Atlanta Councilman H. Lamar Willis weighed more than 327 pounds a year ago. He has since managed to lose more than 100 pounds and isn't going to stop there.
To ring in the New Year, Willis, 41, has asked Atlanta residents to join him in his own personal 100-mile challenge. He hopes to run throughout the city and log 100 miles during 2013, with other residents running alongside him.
"This isn't just about me," Willis told ABC News. "It's about me partnering with people who do this every day."
The 100-mile number is significant to Willis, celebrating his 100-pound loss. "I was just going to run 100 miles across the city for myself but then as I shared my idea with friends, they began to offer to sponsor the miles."
The lifelong Atlantan said some people have sponsored him for up to $1,000 a mile.
"It would be great if we could raise $1,000 dollars per mile." said Willis, who's down to about 223 pounds. "That would be raising $100,000 for a great cause."
The proceeds would likely go to health-related charities in the area, he added.
Willis said he tried to buy a life insurance policy last year but was turned down because of his obesity. Once reality set in, the councilman says he knew that he needed to begin to take action for the sake of his 13-year-old daughter and 8-year-old son. That's when he took to the streets and started walking, shedding the weight simply by exercising and watching what he eats.
"I didn't go on any fad diet or cut out any of the things I really liked to eat. I just cut back. I still eat what I want to eat, just in moderation," Willis said. "If I cut out too much, I know that I would be back at that point again."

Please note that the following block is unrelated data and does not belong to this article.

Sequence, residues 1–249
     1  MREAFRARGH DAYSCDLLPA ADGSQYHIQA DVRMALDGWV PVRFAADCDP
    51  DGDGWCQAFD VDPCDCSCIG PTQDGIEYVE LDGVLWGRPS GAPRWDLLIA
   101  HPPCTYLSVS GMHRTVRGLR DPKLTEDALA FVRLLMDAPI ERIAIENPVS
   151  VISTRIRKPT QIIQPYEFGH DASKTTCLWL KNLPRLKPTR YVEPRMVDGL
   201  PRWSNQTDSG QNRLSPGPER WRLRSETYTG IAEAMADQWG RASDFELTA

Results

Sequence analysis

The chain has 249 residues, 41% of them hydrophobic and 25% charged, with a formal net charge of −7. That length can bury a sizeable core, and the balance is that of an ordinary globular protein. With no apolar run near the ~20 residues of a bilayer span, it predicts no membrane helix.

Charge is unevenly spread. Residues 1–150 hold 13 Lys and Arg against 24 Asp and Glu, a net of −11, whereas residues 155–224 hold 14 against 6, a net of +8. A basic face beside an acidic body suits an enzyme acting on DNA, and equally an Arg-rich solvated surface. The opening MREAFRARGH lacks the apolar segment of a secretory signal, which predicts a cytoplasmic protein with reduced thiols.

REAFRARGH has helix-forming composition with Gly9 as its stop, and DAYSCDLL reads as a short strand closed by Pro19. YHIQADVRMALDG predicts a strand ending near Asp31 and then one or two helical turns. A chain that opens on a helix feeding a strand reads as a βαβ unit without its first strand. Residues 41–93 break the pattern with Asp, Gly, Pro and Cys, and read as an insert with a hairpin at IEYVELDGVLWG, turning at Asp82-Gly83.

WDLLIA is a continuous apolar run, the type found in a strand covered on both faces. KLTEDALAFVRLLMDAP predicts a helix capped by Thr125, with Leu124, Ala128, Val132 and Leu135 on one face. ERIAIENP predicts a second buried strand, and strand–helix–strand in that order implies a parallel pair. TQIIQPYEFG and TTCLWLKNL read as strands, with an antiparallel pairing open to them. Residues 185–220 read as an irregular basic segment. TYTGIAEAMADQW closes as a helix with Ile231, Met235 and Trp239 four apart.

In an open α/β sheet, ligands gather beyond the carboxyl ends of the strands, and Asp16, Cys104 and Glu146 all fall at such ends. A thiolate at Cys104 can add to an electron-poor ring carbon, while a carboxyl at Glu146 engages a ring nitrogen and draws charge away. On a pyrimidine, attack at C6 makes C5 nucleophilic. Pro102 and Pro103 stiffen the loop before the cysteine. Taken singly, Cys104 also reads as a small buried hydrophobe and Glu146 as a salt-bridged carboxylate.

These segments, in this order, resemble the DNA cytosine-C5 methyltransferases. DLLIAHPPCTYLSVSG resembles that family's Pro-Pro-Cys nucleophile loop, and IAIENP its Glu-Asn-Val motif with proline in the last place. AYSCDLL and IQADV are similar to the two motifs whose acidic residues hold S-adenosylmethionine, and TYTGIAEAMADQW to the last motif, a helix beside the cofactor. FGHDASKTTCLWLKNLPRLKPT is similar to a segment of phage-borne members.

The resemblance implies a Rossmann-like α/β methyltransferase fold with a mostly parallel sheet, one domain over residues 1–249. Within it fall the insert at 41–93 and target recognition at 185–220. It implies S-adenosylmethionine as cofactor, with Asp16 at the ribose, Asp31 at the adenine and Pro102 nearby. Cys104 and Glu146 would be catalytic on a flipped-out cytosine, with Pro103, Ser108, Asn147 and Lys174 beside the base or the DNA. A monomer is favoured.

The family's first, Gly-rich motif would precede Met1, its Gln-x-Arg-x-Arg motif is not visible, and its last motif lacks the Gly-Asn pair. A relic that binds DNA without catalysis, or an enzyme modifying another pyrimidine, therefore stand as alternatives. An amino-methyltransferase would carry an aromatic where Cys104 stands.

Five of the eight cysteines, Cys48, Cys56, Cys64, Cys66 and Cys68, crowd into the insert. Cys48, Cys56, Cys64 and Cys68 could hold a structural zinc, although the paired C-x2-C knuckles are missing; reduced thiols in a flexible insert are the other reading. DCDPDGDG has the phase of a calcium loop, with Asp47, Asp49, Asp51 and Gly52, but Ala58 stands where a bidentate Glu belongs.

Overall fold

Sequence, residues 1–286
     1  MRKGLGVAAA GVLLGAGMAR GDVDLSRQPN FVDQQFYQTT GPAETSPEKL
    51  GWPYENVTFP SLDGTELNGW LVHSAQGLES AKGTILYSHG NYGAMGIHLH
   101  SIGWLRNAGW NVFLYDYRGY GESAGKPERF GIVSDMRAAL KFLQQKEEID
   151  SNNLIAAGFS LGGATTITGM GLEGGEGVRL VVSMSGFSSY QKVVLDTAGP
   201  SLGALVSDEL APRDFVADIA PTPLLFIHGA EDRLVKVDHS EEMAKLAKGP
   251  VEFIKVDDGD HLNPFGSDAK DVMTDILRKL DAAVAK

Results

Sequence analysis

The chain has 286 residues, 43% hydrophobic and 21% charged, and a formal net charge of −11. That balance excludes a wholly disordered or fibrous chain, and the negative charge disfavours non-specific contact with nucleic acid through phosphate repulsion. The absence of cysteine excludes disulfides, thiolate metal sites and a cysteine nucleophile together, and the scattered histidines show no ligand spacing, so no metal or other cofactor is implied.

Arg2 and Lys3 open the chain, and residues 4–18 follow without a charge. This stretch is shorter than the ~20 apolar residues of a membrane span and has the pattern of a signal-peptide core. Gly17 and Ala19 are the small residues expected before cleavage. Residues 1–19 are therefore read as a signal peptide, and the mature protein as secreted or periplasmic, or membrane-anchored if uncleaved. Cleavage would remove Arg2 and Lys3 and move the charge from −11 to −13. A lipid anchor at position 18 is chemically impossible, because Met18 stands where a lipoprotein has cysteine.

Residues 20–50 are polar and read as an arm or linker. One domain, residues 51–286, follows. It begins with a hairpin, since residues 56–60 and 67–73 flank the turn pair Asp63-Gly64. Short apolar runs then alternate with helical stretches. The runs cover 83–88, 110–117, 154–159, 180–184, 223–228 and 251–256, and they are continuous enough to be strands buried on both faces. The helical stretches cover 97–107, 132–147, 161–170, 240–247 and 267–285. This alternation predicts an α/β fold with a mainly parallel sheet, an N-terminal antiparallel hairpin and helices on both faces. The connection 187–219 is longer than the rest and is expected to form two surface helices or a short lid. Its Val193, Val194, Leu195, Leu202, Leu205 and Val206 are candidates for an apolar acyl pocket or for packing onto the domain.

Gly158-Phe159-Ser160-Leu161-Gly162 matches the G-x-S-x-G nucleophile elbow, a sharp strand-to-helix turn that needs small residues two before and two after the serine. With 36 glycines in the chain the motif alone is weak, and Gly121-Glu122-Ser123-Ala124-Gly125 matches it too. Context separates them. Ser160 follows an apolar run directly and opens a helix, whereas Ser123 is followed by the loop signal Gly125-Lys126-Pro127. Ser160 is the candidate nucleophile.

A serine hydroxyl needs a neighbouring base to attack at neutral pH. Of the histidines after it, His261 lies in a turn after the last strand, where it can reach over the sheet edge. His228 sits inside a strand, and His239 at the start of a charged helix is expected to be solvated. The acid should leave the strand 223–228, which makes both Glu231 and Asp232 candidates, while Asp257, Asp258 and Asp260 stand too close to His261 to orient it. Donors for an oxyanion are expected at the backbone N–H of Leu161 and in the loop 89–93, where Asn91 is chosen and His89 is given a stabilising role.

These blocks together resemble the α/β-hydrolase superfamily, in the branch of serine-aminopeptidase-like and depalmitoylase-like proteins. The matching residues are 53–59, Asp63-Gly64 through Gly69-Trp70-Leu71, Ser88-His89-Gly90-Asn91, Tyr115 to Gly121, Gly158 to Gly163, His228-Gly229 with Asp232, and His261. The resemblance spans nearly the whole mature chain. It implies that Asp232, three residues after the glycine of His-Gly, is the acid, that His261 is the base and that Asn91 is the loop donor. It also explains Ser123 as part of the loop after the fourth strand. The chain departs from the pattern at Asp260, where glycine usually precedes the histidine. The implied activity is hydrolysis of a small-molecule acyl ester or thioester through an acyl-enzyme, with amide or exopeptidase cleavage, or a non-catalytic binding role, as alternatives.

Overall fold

He uses an elliptical machine, treadmill and works to strengthen his core.
Willis hopes to promote his running challenge by pairing with running clubs, senior groups who go on walks and other organizations to get the community involved.
But community groups aren't the only ones supporting Willis' goal.
The councilman said he was most surprised to get a text message from Atlanta Mayor Kasim Reed, saying, "Count me in. I want to be a part of the challenge."
Although he is proud of his accomplishments, Willis says it's not all about the weight loss for him. He says he wants to help people understand that losing the weight is not as hard as it might seem and that its benefits are endless.
"Only through this experience did I realize that there is a very nurturing part of exercising that makes you mentally strong," he said.
"I knew that there had to be more positive to come out of this rather than just me losing 100 pounds and feeling healthier."
Willis sees this as an opportunity to encourage people to live healthier lives.
"I want to invite people to come join me to build the community," he said, "and to make a healthier Atlanta."